Betelgeuse — will we see a supernova explosion?

31.12.2012

Perhaps in the near future, all the inhabitants of planet Earth will witness a very rare event, occurring every few thousand years. According to insiders from Mauna Kea, Hawaii, the red giant Betelgeuse is rapidly changing shape. Over the past 16 years the star has lost a round shape, is rapidly shrinking in the poles, while the star's equator is still held due to the centrifugal force. These are clear signs that still have a few weeks or months before it becomes star in a supernova.


 

Betelgeuse is also known as the Orion — one of the brightest stars in the familiar constellation of Orion ("Hunter"). As the names of many stars, Betelgeuse is of Arabic origin. The name comes from the phrase "shoulder (or armpit) Hunter" — a place that is the star of the constellation Orion in the figures. Since the star Betelgeuse is a massive red supergiant, it is approaching the end of her life, and soon it will explode as a supernova.

 


 

Betelgeuse — a red supergiant, remote from us at 600 light years. The surface of Betelgeuse colder surface of the sun, and its size — 1,000 times more. If you put the star at the center of the solar system, it will fill the space on the orbit of Jupiter. The picture shows a bright strange hot spot on the surface of the star.

 


 

How will this rare event from the earth? Suddenly flare up in the sky is very bright star. "Very bright" — means the degree of brightness equal to a minimum of a full moon, as a maximum — full sun. Like last space show about six weeks, which means a half months, "White Nights" in certain parts of the world, other people will enjoy two or three additional hours of daylight and an amazing spectacle of exploding stars at night.

After two to three weeks after the explosion, the star begins to fade, and after a few years — will finally turn to the terrestrial observer in the Crab Nebula type.


 

But the wave of charged particles after the explosion reach the Earth within a few centuries, and the inhabitants of the earth will have a small (4-5 orders of magnitude less than lethal) dose of ionizing radiation. But do not worry in any case — as the scientists say, the threat to the Earth and its inhabitants not, but such an event in itself is unique — the latest evidence of observations of a supernova explosion in the world dates back to the year 1054.

 



The word "Betelgeuse" — Arabic origin. The story of its origin is not completely clear, but all experts agree that the second part of the word "elgeyze" is derived from the Arabic "al-Jawzi" (), is the name of the ancient entire constellation of Orion, is the name of the heroine wearing one of the oldest Arabian Nights.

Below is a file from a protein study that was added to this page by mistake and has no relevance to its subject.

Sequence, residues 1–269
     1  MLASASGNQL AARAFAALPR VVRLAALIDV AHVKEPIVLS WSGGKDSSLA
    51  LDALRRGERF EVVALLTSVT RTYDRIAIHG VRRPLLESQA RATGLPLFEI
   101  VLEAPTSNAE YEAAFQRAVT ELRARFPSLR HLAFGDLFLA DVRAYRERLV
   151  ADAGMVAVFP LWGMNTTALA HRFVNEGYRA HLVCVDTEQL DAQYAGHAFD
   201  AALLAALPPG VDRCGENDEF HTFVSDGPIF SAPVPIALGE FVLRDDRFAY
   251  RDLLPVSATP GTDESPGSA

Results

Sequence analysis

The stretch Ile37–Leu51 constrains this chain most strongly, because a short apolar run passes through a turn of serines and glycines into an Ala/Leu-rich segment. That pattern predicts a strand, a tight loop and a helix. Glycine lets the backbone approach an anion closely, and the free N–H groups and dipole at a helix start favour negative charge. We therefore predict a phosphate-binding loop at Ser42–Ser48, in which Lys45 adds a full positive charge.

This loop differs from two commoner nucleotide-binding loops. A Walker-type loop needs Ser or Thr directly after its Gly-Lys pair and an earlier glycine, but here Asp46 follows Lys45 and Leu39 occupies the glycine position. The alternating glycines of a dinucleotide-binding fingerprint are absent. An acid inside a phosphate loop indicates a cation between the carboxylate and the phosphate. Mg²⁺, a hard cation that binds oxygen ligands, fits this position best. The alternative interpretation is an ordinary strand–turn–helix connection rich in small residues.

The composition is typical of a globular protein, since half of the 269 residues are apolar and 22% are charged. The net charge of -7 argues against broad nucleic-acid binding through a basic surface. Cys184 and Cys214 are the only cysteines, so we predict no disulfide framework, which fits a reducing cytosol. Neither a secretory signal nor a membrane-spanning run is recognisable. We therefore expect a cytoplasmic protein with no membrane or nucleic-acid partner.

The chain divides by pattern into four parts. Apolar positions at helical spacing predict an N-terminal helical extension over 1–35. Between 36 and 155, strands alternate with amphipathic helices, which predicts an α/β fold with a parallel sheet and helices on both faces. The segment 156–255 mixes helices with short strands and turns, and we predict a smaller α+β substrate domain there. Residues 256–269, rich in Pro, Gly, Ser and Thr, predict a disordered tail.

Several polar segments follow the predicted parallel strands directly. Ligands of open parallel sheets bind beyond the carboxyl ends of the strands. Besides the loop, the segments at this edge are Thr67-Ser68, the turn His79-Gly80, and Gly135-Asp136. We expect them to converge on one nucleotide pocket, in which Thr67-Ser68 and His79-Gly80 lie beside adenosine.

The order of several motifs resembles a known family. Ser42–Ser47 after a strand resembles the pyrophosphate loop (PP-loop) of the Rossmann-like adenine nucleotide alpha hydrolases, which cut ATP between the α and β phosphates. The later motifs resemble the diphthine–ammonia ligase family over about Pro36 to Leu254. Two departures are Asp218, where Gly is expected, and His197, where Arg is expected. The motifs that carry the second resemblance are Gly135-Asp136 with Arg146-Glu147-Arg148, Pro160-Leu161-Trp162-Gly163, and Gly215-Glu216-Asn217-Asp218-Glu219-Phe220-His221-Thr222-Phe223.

Square "DZHZ" in "Jawzi" means "middle", thus "Jawzi" can be translated as "central." Later, the word "al-Jawzi" was used by Arab astronomers to refer to a single constellations Orion and Gemini. Even now, when Orion is called in Arabic "al-Jabbar" (Giant), the old name may continue to be used.

The most common explanation is a version of the full name of an incorrect translation from Arabic into Latin, the word "poison al-Jawzi" (hand al Jawzi), that is the name of the constellation Orion. The Europeans have mixed Arabic letters Y and B, making Yad-al-Jauza in Bait-al-Jauza (Jawzi house) or even Bat-al-Jauza (armpit Jawzi). So there was a word which gave us this Betelgeuse Betelgeuse.

Thus, it appears that the most common interpretation of the phrase "hand twin" is not quite true. The right thing would be to translate the name as "the hand of the fact that the middle" or "central hand."

It is also interesting ancient Chinese version of the name of Betelgeuse. In Chinese, it looks and sounds like a "piston-Xue-si." So it's not the Chinese no longer chenshe as the "fourth star in the constellation of three stars." Such a paradoxical name came from the fact that the original Chinese astronomy was a "constellation of three stars", that is, the belt of Orion, but later attributed to him a few nearby stars, but the name for the constellation remains the same …

 



 

 

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